O'Gehagent History, Family Crest & Coats of Arms
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The original Gaelic form of the O'Gehagent surname is Mag Eochagain, a patronymic derived from the personal name Eochaidh.
Early Origins of the O'Gehagent family
The surname O'Gehagent was first found in the county of Westmeath (Irish: An Iarmhí) in the Irish Midlands, province of Leinster, in the barony of Moycashel at Kilbeggan where they held a family seat from ancient times. Traditionally, the O'Gehagents are said to descend from Fiacha, son of Niall of the Nine Hostages.
Early History of the O'Gehagent family
This web page shows only a small excerpt of our O'Gehagent research. Another 148 words (11 lines of text) covering the years 1172, 1186, 1291, 1291, 1603, 1600, 1689, 1580, 1650, 1702, 1763, 1800 and 1749 are included under the topic Early O'Gehagent History in all our PDF Extended History products and printed products wherever possible.
O'Gehagent Spelling Variations
In the Middle Ages many people were recorded under different spellings each time their name was written down. Research on the O'Gehagent family name revealed numerous spelling variations, including Geoghegan, Gagahan, Gahagan, Gahaghan, Gaghan, Gegan, MacGeoghegan, Geohan and many more.
Early Notables of the O'Gehagent family (pre 1700)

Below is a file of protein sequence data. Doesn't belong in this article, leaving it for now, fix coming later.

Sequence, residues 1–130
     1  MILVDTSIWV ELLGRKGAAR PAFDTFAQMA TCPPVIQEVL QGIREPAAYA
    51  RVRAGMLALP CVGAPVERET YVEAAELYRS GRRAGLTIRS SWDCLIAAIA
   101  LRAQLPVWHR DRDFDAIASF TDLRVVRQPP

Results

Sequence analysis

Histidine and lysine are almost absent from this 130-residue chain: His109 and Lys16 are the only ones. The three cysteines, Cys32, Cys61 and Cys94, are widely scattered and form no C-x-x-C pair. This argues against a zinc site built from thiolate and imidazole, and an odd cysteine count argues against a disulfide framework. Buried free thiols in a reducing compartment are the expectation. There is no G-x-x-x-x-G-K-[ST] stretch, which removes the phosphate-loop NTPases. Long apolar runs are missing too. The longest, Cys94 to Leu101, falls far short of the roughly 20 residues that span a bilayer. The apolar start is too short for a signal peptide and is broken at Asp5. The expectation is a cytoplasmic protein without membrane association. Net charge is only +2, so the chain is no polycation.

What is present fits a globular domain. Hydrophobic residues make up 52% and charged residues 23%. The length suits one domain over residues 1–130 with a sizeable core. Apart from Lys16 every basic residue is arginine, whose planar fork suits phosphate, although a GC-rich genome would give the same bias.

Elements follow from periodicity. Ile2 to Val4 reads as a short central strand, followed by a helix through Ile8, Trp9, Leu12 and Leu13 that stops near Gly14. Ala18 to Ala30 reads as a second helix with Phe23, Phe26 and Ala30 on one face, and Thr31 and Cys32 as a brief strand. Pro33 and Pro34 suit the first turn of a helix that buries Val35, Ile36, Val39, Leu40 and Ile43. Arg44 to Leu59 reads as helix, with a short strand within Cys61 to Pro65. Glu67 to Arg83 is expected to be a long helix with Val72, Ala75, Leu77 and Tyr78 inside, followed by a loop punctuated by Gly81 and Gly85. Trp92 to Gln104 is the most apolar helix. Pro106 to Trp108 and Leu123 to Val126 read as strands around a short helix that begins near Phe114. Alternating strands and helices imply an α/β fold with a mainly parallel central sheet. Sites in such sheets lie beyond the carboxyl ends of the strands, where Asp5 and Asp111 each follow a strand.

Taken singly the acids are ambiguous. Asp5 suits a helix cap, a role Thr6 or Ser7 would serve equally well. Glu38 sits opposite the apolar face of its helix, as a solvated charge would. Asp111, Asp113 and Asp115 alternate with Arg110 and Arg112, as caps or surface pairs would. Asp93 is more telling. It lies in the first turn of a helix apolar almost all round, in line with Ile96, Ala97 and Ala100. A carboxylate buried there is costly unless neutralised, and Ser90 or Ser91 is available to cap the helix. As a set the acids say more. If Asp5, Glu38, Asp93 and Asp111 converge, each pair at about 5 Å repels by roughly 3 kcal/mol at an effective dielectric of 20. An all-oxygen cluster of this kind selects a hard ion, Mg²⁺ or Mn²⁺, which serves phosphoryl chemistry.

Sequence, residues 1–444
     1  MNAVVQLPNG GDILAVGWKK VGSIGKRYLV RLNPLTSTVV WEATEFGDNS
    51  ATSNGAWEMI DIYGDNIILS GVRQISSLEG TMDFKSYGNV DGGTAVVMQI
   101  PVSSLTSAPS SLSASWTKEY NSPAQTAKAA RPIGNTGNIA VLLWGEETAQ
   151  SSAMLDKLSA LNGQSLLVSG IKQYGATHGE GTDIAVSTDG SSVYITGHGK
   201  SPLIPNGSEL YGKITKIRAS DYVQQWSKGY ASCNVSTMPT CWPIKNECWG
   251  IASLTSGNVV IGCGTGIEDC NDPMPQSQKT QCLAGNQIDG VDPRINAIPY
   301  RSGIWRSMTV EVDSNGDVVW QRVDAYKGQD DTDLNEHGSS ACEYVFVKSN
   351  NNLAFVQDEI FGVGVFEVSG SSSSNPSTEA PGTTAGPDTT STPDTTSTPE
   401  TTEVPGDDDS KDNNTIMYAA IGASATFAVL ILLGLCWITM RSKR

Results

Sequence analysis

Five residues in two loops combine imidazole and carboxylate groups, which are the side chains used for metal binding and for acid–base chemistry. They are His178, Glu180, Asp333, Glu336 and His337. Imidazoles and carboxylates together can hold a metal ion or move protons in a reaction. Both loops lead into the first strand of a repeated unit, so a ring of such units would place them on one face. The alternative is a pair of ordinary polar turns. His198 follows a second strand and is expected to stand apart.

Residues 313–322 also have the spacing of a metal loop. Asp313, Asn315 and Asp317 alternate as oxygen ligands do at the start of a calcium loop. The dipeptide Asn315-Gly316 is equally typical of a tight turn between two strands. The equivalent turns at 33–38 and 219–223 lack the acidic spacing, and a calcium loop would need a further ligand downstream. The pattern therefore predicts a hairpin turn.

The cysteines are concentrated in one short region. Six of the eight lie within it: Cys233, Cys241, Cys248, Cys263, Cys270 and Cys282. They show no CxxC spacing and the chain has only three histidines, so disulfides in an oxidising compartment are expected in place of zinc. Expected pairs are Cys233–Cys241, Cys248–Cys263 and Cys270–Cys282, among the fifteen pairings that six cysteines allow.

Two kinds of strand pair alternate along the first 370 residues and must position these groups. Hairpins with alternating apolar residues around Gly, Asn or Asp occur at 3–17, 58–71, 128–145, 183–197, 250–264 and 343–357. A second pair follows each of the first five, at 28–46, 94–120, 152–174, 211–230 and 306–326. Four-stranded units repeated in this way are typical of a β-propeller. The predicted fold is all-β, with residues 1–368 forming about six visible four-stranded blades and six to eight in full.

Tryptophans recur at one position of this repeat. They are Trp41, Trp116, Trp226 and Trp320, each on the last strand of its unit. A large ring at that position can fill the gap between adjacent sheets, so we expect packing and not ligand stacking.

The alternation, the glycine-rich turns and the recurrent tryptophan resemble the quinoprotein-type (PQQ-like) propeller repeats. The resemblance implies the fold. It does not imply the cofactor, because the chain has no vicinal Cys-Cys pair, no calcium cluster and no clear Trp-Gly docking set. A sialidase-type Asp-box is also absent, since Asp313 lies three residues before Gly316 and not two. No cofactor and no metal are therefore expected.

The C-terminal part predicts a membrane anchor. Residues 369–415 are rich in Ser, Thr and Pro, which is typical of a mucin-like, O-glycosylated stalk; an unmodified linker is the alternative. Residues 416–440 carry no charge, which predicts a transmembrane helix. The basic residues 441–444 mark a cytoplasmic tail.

Prominent amongst the family at this time was Conal MacGeoghegan (circa 1580-1650) Chief of the sept MacGeoghegan, historian who translated the Annals of Clonmacnoise; James MacGeoghegan (1702-1763) of Westmeath, an ordained priest in Paris, who wrote a "History of Ireland;" and Edward Geoghegan of Dublin was one of the most eminent surgeons of his time (early 1800s).
Usher Gagahan (d. 1749), was an Irish classical scholar, belonged to a good family of Westmeath, Ireland; was educated at Trinity College, Dublin, but took...
Another 80 words (6 lines of text) are included under the topic Early O'Gehagent Notables in all our PDF Extended History products and printed products wherever possible.
Migration of the O'Gehagent family
A massive wave of Irish immigrants hit North America during the 19th century. Although many early Irish immigrants made a carefully planned decision to leave left Ireland for the promise of free land, by the 1840s immigrants were fleeing a famine stricken land in desperation. The condition of Ireland during the Great Potato Famine of the late 1840s can be attributed to a rapidly expanding population and English imperial policies. Those Irish families that arrived in North America were essential to its rapid social, industrial, and economic development. Passenger and immigration lists have revealed a number of early Irish immigrants bearing the name O'Gehagent: Michael Geoghegan, a Scotch-Irish who arrived in Boston in 1737; Edward Geoghegan, who came to Philadelphia in 1741; John McGeogh, who arrived in America in 1742.
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